The world is growing, but, given the many setbacks in food production, climate change, increasingly scarce resources, etc., production has often fallen short of consumption demand in many countries, especially the developing nations. Hence, scientists strive to always be one step ahead to meet the challenges of today and tomorrow.
This issue offers a fascinating look at how the world of rice science is keeping abreast of the emerging problems that affect people’s ability to sustain their nourishment needs.
First, understanding the significance of preserving the diverse food crops and protecting them against destructive forces to ensure food security for the succeeding generations, a “Doomsday Vault” was constructed deep within the frozen mountains of Svalbard, Norway, just 1,130 kilometers from the North Pole.
Since land resources are as limited as they can possibly be, farmers have to make do with what they have—whether lands are favorable or not to rice production. Fortunately, scientists are constantly developing new and improved varieties that are equipped with tolerance against these environmental stresses, so farmers are able to cope with their farming problems. As one scientist puts it, reaping something is better than nothing.
Regarding Africa, our Maps section focuses on the Niger River, the river that provides irrigation to water systems in Mali, essentially bringing life to the many people in the region.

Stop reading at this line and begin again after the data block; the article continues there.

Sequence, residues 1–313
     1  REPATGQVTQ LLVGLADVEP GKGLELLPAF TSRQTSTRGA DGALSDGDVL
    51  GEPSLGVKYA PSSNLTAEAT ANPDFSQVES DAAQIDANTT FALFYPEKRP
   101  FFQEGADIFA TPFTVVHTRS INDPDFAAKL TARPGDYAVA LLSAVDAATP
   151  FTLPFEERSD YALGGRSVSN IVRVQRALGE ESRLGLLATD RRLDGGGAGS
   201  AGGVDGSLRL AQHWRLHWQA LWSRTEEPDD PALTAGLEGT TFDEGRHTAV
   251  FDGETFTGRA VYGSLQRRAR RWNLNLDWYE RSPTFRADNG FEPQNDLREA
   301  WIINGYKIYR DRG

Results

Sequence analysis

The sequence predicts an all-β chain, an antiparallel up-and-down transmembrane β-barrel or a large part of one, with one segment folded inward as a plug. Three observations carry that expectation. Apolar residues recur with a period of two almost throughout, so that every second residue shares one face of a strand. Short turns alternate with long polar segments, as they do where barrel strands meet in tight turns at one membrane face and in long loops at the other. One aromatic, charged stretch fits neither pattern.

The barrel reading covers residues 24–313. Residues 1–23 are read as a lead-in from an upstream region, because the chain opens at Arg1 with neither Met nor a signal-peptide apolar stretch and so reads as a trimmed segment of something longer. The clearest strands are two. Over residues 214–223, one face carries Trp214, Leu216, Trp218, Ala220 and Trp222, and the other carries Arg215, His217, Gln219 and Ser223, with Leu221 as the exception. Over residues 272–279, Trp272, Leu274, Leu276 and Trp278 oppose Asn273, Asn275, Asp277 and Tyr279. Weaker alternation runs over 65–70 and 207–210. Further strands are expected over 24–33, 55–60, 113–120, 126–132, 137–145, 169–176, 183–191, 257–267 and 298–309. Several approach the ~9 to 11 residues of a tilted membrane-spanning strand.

Interestingly, as we busy ourselves with the production of this issue, our publisher, The Rice Trader, is holding its 5th Rice Americas Conference in Panama City, Panama. Hence, you will find here a review of this significant event that gathered many important players in the rice industry. Along with this, we deemed it appropriate to put together a Latin America feature to highlight this region’s importance in rice production, as well as in trade. Brazil particularly comes into the spotlight as we turn our attention to this country’s overall rice production and its collaborations with IRRI, as well as the development of its hybrid rice industry.
With the population clock turning 7 billion soon, the future of the world is not about doom and gloom, however. This issue looks at the scientists who are working to solve agricultural problems—the hopes of world food production. We have Dr. David Mackill, who caught the wave of the advancing genetics research to help develop scuba rice, a flood-tolerant rice variety. Although IRRI will greatly miss Dr. Mackill, who has become an institution in plant breeding, we also welcome the younger generation of scientists who now hold much of the future in rice research. Two of them are postdoctoral research fellows Govinda Rizal and Shanta Karki, whose love story is intertwined with their love for rice science.
While these people found a love for rice science, some people found a love for rice as their art subject. Through the eyes of artists such as the famed Fernando Amorsolo, as well as contemporary British artist John Dyer, rice is seen in its cultural context—a vital aspect of life immortalized on canvasses.
You will find all these and more in this issue. And, as we have opened up the subject of the ticking population clock, watch for the October-December issue, as it will be a special edition about the world reaching 7 billion people.